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When I was a child growing up on the farm, our holidays were all spent in a traditional fashion, except Independence Day. The Fourth of July was usually spent in the field as we harvested the crops. And, unfortunately but understandably, firecrackers were forbidden in the hot Kansas wind and near the ripe, golden wheat fields.
We always celebrated with a special meal, though. I would help Mother take sandwiches, pie and fruit punch to the field at noon on regular days, but for the Fourth of July, she went all out. Her special menu always included fried chicken, mashed potatoes and gravy, green beans, buttered corn on the cob, fresh tomato slices, hot rolls, apple pie and lemonade.
One Independence Day, though, it rained so much that we were unable to get into the fields, and our dad surprised us kids. He went to town and brought home the first firecrackers I’d ever seen. I could hardly wait until evening when our guests – family, hired hands and neighbors – would arrive and gather around the backyard to watch the fireworks display.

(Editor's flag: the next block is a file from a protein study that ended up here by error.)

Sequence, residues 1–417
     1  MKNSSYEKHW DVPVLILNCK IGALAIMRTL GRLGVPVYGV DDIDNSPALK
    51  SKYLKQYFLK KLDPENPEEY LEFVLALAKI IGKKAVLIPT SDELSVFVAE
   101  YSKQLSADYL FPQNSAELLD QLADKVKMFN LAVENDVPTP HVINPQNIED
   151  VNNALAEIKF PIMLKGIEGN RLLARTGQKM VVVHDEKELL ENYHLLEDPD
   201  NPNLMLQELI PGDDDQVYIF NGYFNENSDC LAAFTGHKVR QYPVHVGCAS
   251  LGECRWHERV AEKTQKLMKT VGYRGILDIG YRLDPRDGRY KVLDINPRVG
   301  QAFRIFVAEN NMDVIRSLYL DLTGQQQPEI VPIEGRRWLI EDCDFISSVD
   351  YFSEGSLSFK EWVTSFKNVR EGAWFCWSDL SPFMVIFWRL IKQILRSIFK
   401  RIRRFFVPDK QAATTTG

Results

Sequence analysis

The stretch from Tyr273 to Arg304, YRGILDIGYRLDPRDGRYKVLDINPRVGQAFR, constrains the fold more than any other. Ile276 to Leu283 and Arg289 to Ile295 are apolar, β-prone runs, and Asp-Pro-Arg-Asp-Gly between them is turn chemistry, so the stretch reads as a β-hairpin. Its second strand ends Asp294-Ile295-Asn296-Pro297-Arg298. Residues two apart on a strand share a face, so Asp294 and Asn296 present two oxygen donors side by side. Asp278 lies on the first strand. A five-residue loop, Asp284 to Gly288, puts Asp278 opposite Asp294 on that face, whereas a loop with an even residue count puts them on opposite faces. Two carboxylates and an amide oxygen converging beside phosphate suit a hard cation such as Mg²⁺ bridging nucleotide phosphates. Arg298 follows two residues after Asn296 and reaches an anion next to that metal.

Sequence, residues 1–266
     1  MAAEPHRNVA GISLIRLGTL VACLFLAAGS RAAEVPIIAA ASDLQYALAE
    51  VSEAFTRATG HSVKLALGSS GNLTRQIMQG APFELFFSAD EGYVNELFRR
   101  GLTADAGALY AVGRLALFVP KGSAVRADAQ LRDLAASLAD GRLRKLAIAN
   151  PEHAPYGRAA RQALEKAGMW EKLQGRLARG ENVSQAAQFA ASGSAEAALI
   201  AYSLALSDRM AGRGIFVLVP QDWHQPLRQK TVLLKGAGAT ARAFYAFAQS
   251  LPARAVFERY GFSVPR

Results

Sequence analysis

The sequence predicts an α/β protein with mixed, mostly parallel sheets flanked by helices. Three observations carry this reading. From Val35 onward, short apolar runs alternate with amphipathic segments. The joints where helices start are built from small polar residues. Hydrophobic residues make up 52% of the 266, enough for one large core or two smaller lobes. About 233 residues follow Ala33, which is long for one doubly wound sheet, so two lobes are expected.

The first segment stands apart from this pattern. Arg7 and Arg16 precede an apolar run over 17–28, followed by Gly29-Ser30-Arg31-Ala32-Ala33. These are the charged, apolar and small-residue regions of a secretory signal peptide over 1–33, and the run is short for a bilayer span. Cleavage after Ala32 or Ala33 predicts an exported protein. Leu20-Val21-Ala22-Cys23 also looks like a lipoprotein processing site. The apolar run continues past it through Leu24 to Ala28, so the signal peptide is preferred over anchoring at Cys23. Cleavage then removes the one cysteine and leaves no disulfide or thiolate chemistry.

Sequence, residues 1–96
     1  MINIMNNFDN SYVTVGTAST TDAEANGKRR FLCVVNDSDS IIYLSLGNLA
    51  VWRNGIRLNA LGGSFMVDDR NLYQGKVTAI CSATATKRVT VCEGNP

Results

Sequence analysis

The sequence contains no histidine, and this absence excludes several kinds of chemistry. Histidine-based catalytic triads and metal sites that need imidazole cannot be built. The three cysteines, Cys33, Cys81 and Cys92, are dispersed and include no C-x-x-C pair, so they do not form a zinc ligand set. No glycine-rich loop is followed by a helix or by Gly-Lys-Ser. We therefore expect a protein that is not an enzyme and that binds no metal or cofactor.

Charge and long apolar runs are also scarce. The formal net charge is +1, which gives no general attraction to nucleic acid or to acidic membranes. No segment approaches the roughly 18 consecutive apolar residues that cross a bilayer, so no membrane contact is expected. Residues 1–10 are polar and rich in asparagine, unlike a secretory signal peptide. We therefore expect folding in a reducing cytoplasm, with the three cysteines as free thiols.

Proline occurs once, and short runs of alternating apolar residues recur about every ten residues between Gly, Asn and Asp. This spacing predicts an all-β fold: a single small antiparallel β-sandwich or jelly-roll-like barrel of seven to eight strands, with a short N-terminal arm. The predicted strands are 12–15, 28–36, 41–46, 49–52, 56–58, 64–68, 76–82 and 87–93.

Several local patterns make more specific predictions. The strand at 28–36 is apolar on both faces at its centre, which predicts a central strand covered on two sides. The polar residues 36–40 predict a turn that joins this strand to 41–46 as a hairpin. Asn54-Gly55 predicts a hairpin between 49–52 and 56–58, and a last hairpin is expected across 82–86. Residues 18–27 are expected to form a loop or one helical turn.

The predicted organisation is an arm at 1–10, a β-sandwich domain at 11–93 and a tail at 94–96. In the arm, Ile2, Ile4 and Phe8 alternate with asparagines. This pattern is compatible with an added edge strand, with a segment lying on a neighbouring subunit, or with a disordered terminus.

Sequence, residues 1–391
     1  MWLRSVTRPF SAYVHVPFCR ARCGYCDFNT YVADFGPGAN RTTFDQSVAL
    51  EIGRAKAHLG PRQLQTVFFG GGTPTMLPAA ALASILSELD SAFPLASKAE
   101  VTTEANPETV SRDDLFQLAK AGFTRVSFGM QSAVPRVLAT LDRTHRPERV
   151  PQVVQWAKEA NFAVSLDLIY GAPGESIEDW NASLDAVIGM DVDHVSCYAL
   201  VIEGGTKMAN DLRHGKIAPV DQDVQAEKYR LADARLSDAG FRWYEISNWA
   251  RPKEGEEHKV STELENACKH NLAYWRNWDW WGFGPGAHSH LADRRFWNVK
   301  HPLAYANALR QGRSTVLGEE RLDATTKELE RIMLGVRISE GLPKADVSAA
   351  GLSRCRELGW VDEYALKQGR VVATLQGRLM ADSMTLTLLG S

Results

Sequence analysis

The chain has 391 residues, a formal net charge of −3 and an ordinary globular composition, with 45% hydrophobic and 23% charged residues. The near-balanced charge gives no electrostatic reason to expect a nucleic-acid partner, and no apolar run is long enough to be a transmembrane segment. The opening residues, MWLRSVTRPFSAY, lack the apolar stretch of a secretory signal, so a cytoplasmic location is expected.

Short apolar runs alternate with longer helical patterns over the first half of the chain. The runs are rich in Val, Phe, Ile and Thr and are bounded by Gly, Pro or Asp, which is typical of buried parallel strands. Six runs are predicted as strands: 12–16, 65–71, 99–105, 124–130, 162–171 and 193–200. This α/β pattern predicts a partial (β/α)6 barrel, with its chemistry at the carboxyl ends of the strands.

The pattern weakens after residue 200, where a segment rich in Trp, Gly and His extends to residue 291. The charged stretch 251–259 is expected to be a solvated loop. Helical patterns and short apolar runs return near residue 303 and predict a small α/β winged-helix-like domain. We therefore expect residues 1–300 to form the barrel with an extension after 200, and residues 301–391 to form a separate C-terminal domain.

As any 8-year-old would do, I totally forgot to put my pet rooster away. My rooster was the type that always picked up whatever anyone dropped on the ground. So, as the first lit firecracker was thrown out, there he was, in all his white-feathered splendor, racing toward it. Everyone sat in silent suspense as it became apparent what was happening.
The firecracker exploded just as my rooster was about to pick it up. He flew up into the air, feathers flying, then landed on the ground with a thump. For a few seconds he sat stunned and ruffled. Then he rose to his feet, a little unsteadily at first, and made a beeline for the henhouse. After hiding out for several days, he cautiously made his way out into the barnyard again, although not with all the impulsive curiosity he once had.
That Fourth of July when our family celebrated in traditional holiday fashion was untraditional for us – and unforgettable.
Mary Ann - Salina, Kansas
Letter From Santa was Unexpected
When my siblings and I were growing up, times were hard. Christmas was a special time for our family, but with five children to raise during the depression and war years, there were very few gifts under our tree.
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